Study of a hand sculpture, 8 x 10 inches, graphite on transluscent vellum

Victorine Meurent portrait by ManetThe next article I wrote was about Victorine Meurent, the model who posed for Manet’s “Olympia,” who was also an artist who showed her paintings in the Paris Salon.

I was fascinated by her life as a working-class music hall performer who became one of the most iconic models in history, and amazingly was also an artist in her own right.

Little is known about her and only 1 of her own paintings has survived, but she studied at the Academie Julian (one of the first fine art schools open to women), lived into her 80’s and indentified herself as an artist her whole life. The article is published in The Portrait Society’s quarterly printed newsletter.

The third article was a step-by-step of my painting process featured in International Artist Magazine. In it I describe all the stages of my painting, Anchor in the Gale, which is the same painting featured in my instructional painting video “Indirect Oil Painting.”

Step-by-step of “Anchor in the Gale”

Meanwhile, another big event was happening at the studio. We had been hosting Carl Dobsky along with his full time students in our space after Safehouse Atelier lost their studio back in February. But Carl’s girlfriend lives in LA, and over the summer he made the difficult decision to stop teaching his full time program, and move to LA to be with his girlfriend.

Me and Carl in my studio right after he moved his students in

Carl is a good friend of mine, and I understood and supported his decision. I knew it was a wrenching choice to leave his students and the school he had spent years building.

His departure meant major changes for the studio, so I had some hard thinking to do. I considered disbanding the full time program, but the students were all set up and working on their cast drawings. I really enjoyed the focus and energy of having a full time program in my space. Carl had assembled a wonderful group of students, and I knew they would be disappointed to stop their studies.

I had not intended to direct a full time program so soon, it was always a distant idea. But the final decision was made easier when Carl highly recommended his former student, James Edmonds, to help teach.

I already knew James since he had been subbing for Carl’s classes occasionally while Carl worked to finish paintings for his September solo show at John Pence Gallery. James was enthusiastic about teaching the full time program, and when I offered him a position at the studio he accepted it. One of Carl’s full time students, Christina Davis, had already begun assisting me at my summer workshop, and she agreed to be my ongoing assistant for all my classes at the same time she is continuing her studies. So by hiring both of them I could continue the program.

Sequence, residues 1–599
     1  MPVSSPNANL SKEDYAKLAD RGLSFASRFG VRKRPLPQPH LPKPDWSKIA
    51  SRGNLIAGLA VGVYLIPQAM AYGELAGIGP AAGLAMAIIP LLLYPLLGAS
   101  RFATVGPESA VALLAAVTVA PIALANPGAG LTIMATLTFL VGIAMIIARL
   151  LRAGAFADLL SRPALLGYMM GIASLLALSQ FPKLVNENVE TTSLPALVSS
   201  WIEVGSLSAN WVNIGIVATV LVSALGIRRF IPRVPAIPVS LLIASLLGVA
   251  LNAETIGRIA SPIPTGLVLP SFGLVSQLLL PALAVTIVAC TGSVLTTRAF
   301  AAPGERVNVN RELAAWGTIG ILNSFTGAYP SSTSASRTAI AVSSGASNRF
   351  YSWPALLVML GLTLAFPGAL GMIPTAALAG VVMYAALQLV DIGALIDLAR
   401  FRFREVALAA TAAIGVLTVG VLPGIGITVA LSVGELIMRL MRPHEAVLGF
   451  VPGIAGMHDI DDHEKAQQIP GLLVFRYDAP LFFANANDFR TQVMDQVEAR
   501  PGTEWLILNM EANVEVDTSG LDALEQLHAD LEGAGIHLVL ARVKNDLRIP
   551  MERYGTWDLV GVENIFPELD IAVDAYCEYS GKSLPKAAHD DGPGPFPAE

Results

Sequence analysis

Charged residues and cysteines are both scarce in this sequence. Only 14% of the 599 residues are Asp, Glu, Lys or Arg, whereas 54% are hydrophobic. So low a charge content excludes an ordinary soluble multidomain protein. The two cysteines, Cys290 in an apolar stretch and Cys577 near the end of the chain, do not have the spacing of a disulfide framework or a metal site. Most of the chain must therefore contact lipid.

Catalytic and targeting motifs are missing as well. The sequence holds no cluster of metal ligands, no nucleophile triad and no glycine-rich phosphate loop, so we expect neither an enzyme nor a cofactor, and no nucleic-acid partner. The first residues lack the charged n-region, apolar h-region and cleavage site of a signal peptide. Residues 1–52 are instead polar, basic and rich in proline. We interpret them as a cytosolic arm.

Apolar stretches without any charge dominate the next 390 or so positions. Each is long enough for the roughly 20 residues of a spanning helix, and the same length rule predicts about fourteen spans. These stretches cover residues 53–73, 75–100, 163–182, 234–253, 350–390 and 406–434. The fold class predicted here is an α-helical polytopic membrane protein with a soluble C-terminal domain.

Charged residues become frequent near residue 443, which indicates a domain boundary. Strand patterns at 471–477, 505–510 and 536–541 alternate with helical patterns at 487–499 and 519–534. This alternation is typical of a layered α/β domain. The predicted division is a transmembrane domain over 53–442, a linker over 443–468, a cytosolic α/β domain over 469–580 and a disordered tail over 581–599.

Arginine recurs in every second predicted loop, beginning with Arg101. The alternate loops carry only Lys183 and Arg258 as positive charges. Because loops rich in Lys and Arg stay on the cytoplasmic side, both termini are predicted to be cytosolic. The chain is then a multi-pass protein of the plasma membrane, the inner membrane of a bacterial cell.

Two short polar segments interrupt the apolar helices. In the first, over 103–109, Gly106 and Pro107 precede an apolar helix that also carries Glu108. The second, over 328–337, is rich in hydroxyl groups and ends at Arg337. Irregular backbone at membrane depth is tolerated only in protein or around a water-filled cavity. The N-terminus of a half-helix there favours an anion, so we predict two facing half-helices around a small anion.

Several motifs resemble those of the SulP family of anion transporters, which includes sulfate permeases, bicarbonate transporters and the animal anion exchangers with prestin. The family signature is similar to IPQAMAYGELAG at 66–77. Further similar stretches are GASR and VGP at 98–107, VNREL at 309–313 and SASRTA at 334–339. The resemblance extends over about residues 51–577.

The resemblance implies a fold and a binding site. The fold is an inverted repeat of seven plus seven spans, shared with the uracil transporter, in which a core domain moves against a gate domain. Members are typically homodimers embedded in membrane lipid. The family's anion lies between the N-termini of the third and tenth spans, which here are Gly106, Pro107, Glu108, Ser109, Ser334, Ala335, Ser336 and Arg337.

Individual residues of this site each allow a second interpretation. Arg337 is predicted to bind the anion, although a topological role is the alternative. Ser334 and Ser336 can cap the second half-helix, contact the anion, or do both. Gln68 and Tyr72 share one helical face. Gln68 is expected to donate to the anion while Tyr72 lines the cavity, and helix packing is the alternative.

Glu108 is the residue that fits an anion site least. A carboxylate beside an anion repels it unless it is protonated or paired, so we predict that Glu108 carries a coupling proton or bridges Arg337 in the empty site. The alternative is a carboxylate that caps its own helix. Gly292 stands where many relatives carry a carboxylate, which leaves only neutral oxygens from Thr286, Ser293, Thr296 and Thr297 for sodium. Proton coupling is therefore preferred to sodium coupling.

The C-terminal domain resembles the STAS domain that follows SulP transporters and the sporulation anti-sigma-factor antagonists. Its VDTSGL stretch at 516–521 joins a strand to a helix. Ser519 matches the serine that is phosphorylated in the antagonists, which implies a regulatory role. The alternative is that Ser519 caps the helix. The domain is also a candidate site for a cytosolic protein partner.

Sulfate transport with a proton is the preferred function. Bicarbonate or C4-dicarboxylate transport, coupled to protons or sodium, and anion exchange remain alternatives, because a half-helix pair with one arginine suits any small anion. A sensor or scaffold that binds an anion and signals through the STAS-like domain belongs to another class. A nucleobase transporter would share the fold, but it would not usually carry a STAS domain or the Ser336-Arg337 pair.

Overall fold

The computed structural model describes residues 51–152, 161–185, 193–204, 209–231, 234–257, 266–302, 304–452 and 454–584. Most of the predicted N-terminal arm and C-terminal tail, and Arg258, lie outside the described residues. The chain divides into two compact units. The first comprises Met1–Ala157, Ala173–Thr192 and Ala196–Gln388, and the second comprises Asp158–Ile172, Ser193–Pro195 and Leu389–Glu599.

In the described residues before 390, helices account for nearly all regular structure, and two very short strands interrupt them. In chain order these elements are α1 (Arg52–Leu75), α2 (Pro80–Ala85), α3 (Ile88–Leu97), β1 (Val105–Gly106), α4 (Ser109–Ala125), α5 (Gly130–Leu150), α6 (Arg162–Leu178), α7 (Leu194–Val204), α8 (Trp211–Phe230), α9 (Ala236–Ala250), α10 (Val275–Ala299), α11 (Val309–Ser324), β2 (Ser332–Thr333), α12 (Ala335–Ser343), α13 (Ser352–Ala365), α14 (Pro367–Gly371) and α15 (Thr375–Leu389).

Taking on the full time students meant I had to restructure my weekday teaching program, incorporating both part time students and full time students into all my classes. It significantly expanded the resources I can offer to all my students, but it required a lot of financial calculations, space calculations, and the procurement of more studio equipment. So I spent most of the summer planning and preparing for the fall semster, when I would start my program after our summer workshops.

Screenshot of Nowell’s editing software for my instructional videoFinally, on top of all of that, Nowell was at home working long hours every day for months to complete the editing and production of my 3-hour instructional painting video.

As with all major projects, it turned out to be even bigger than we had originally estimated, and we both felt the pressure to get it done as soon as possible.

Nowell generally handles all the “behind the scenes” of running the studio: Keeping us stocked up with supplies, running payroll and bookkeeping, combating the never-ending beurocracies of small business, and running our home life. He managed to keep with all that while producing the video, but he was overworked for months.

So, it turned out to be a pretty busy summer!

Finally, in September my fall classes began again, the full time program (including 5 of Carl’s former students and 3 brand new students) started their school year. James and Christina came on board as employees, and very soon we were settled into a daily routine.

With all the studio’s classes, including our evening and weekend classes, we now have 125 students and 4 instructors working in the studio every week. With this amount of activity, just keeping the space functional, the instructor’s needs met, and the students productive, requires significant organization. I could easily spend all day every day just teaching and running the studio, and never have time to paint.

But I work hard to stay organized so I can preserve my daily painting hours. Once the summer was over and the new schedule of classes were up and running, I could get back to painting my usual hours: 6 hours at the easel a day, 6-7 days per week.

Finally, I was back to my painting - and then the fun part began!

With the drawing and values complete, and the color roughed in, I could focus on the details of subtle light and texture, further refining the hues and values. Every layer gets closer and closer to what I envisioned when I first started the painting.

DETAIL of “Between Darkness and Wonder”

DETAIL of “Between Darkness and Wonder”

The 6-month period of painting this piece has essentially encompassed a tour of my entire art life: Teaching, managing the atelier, writing articles for art publications, and working with Nowell on the videos.

Now that everyone is settled into a routine, and the instructional video has been released, Nowell and I are looking forward to a period of focused creative productivity for both of us.

And perhaps an occasional day off.

“Between Darkness and Wonder” 16 x 20 inches, oil on panel

More information about our Full Time Atelier, Part Time Atelier, weekend and evening classes, and intensive Workshops, is on our Classes page.